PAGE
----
For all the possible weak spots in the show, by opening so perfectly with About a Girl and finishing so powerfully with Where Did You Sleep Last Night the sheer breathtaking framing of the overall show overrides everything else. That’s the odd juxtaposition of this show; you have somewhat flat, unremarkable renditions sitting alongside moments of extraordinary, almost otherworldly transcendence. That’s almost a representation of Kurt’s apparent nature itself; the bored apathy in some instances and then the bursts of the sincerest emotion in others.
On Unplugged, in its almost deafening quietness and intimacy, we as fans get as close to Kurt Cobain as was ever possible and in a way that doesn’t work with big stadiums or writhing mosh-pits.
This Kurt – the one who can’t hide behind a wall of immense sound or smash up his instruments or scream out his louder-than-life epic choruses – is awkward and discernibly uncomfortable with the experience. It has always seemed like he remains a little uncomfortable throughout most of the show, like he’s always slightly hesitating, always holding something back; and that it’s only once Where Did You Sleep Last Night arrives that he finally let’s go completely and goes into a very special place, finally going into those last strains of the song with all his gut.
Ironically that’s the end of it – the show ends just as Kurt reaches his strongest point, his true level; isn’t that just fucking typical of him?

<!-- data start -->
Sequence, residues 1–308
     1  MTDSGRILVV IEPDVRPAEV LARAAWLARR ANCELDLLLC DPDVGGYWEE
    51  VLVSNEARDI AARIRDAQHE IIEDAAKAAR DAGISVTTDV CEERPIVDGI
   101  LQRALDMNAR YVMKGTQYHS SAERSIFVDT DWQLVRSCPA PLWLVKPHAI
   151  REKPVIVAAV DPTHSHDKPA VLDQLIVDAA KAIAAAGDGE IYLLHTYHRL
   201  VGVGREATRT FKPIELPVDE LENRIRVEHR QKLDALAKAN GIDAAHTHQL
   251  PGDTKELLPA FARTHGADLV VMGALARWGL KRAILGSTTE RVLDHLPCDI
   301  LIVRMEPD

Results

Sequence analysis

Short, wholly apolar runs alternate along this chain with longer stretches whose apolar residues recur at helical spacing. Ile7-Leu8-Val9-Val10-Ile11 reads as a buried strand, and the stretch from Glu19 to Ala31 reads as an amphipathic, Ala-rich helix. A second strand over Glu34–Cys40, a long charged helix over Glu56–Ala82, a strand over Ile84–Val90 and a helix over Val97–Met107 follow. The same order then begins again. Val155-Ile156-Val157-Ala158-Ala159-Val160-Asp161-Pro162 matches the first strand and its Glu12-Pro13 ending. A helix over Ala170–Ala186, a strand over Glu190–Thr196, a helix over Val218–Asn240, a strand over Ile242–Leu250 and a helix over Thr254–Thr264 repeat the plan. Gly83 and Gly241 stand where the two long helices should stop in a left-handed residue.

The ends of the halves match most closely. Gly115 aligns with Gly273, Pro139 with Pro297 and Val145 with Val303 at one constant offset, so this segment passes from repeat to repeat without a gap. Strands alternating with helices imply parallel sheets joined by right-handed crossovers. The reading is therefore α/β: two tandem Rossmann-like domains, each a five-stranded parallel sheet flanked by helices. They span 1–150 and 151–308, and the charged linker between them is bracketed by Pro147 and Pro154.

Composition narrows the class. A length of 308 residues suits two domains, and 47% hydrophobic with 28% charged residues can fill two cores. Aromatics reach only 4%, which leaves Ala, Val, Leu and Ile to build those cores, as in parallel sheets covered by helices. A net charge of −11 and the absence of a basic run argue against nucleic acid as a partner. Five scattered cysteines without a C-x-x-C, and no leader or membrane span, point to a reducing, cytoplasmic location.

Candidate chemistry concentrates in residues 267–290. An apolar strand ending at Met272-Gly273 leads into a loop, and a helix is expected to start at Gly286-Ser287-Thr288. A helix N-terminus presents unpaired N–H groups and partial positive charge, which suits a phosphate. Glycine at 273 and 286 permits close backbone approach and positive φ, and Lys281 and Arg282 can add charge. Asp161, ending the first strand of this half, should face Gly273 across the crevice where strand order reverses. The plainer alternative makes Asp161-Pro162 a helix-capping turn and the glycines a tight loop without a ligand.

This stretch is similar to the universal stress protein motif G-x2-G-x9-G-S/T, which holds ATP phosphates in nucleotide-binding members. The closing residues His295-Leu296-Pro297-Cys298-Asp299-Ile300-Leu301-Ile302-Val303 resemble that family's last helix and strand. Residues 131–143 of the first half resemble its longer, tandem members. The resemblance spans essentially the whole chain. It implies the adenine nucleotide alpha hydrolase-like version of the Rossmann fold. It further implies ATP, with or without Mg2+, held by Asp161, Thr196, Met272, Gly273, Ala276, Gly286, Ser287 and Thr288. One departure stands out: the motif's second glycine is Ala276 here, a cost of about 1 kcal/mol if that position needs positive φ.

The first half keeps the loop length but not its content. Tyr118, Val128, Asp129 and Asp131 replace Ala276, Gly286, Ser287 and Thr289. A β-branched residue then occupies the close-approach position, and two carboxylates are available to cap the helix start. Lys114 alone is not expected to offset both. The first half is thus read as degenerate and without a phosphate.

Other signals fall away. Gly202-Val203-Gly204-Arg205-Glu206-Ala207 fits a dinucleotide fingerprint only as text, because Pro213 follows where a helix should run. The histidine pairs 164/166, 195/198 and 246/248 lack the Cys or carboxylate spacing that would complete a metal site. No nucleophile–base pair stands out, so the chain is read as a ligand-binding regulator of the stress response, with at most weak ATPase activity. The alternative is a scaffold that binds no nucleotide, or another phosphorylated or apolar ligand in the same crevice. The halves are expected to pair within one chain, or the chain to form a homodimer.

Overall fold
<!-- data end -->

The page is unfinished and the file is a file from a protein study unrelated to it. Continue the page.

Still, it’s one of those moments – like something you read about Hendrix or Jim Morrison – that echoes and resonates far beyond itself, like something transcending the musical into the magical. The hairs on my skin still stand on edge when I think about it. REM producer Scott Litt, who mixed the final recording for the album release, also alludes to how unsettling it was for him to have to listen to that final bow-out when he, Krist and Dave were working on the polish.
The decision chiefly made by Krist Novoselic and Dave Grohl to go with Unplugged in New York as the posthumous Nirvana release proved to be so fitting, so poignant, a choice that it’s impossible now to imagine anything else being the case. Anything like a ‘greatest hits’ CD would’ve been terribly misjudged; what they chose instead was something that demonstrated, warts and all, what had always made Nirvana so special.
Unplugged in New York isn’t Nirvana at their best. It isn’t the greatest Nirvana show. It might not even be the best MTV Unplugged show; but that’s all subjective. What it is is one of the most honest, naked and poignant musical performances that has ever been recorded for posterity. And in all its quirkiness, unorthodoxy and hit-or-miss nature, it is also a perfect encapsulation of what endeared – and still endears – so many of us to Kurt Cobain and Nirvana even twenty years after the fact.